Free prescription discount cards from GoodRx __ What's the catch?
By ALEX ROSENBERG of NerdWallet
Americans spend more than $420 billion per year at pharmacies for prescription drugs, according to a 2022 report from the Department of Health and Human Services.
Prescription discount cards help people save money on prescription drugs by offering savings at participating pharmacies. One popular company, GoodRx, offers discounts of up to 80% on prescription drugs at over 70,000 U.S. pharmacies with its prescription savings program. And according to the company's website, "there's absolutely no cost and no catch."
But earlier this year, GoodRx was penalized by the Federal Trade Commission, or FTC, for disclosing patients' personal health information without their consent. And using GoodRx's discounts isn't always easy or predictable.
Here are four potential catches the federal government, pharmacists, researchers and the company itself say you should know about before using GoodRx.
"Keep in mind you cannot use GoodRx and insurance at the same time," the company's website says. It encourages users to pay for prescriptions as a "cash" payment with a GoodRx coupon. (In this context, paying "cash" means you're paying out of pocket __ without insurance.)
Using GoodRx rather than insurance means your insurance doesn't have to reimburse you or count your spending toward your deductible or out-of-pocket maximum.
Whether this matters to you depends on your coverage and what you expect to spend on prescription drugs each year.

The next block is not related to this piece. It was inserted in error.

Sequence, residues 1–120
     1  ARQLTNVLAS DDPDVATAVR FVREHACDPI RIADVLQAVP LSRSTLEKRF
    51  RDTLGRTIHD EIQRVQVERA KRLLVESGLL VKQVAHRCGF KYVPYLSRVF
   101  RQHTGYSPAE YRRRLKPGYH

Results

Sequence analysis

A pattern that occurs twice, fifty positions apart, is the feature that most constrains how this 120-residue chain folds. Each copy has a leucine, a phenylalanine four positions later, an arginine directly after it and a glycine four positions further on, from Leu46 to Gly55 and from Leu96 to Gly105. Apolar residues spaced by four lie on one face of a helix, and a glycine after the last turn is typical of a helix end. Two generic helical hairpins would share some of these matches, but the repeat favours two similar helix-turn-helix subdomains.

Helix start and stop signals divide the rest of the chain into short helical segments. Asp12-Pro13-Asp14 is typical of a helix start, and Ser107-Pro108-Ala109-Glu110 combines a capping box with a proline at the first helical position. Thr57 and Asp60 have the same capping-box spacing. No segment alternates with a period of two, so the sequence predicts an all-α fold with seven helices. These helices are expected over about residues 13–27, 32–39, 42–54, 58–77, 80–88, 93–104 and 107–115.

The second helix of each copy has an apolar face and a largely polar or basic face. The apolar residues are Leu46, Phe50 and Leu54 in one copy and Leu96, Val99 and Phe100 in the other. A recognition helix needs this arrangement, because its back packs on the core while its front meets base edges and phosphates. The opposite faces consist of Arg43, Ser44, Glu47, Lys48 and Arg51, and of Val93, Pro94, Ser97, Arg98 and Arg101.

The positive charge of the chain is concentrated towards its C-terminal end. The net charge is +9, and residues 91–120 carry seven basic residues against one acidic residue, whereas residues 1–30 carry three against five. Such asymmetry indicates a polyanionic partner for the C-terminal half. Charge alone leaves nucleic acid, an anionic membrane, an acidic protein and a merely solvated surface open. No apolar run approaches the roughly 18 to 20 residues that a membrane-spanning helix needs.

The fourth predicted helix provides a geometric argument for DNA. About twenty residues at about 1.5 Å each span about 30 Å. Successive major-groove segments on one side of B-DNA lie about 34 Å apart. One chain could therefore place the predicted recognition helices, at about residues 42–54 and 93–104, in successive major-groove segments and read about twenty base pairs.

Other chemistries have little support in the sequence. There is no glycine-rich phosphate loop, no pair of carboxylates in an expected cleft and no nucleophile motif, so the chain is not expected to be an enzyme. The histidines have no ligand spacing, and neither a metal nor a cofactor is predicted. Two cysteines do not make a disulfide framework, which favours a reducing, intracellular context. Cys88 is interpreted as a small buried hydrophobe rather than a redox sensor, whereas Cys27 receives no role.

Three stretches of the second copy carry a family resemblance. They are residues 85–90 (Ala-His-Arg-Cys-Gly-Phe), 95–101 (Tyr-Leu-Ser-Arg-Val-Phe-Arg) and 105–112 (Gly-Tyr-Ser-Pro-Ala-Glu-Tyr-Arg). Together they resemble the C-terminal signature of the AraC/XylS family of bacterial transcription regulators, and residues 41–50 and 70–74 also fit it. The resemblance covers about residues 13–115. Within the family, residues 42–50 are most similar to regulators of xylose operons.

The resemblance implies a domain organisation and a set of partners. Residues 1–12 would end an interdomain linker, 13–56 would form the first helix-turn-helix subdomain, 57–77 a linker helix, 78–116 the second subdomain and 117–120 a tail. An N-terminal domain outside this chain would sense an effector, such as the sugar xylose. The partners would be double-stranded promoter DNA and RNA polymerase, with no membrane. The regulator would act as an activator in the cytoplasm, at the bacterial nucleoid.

"Who cares if it's not going to count toward your deductible if you were never going to spend so much that you're going to hit your deductible anyway," says pharmacist Shannon Rotolo, who recently left the University of Chicago for a new position at the University of Rochester.
But if you know that you'll spend enough to hit an out-of-pocket maximum or Medicare Part D catastrophic coverage, Rotolo recommends having it count toward your deductible. "Get the lower prices from your insurance plan sooner in the year," she says.
2. PRIVACY VIOLATIONS
GoodRx's "not-so-good privacy practices" made it the first-ever company penalized for violating the FTC's Health Breach Notification Rule, according to a post by senior attorney Lesley Fair on the agency's business blog.
"In our complaint, we alleged that GoodRx violated the FTC Act (which prohibits unfair and deceptive practices in the marketplace) by sharing sensitive personal health information for years with advertising companies and platforms __ contrary to its privacy promises that it would not do so," FTC spokesperson Juliana Gruenwald Henderson wrote in an email.
The FTC imposed a $1.5 million civil penalty on GoodRx. (For context, that's about 0.2% of the company's 2022 annual revenue of $766.6 million.)
The FTC also prohibited GoodRx from sharing any of its users' health data with third parties for advertising, and the company must obtain consent before sharing data for any non-advertising purpose.
When asked whether and to whom GoodRx sells or shares patient data today, a company representative referred in an email to a February 2023 " GoodRx Response to FTC Settlement."
"The settlement with the FTC focuses on an old issue that was proactively addressed almost three years ago, before the FTC inquiry began," the GoodRx statement says. The company disagrees with the FTC's allegations and does not admit wrongdoing.
GoodRx says in its statement that "privacy and security are paramount to us and an essential part of how we conduct our business," and it encourages customers with questions to review the company's privacy policies.
By The Associated Press, Copyright 2023
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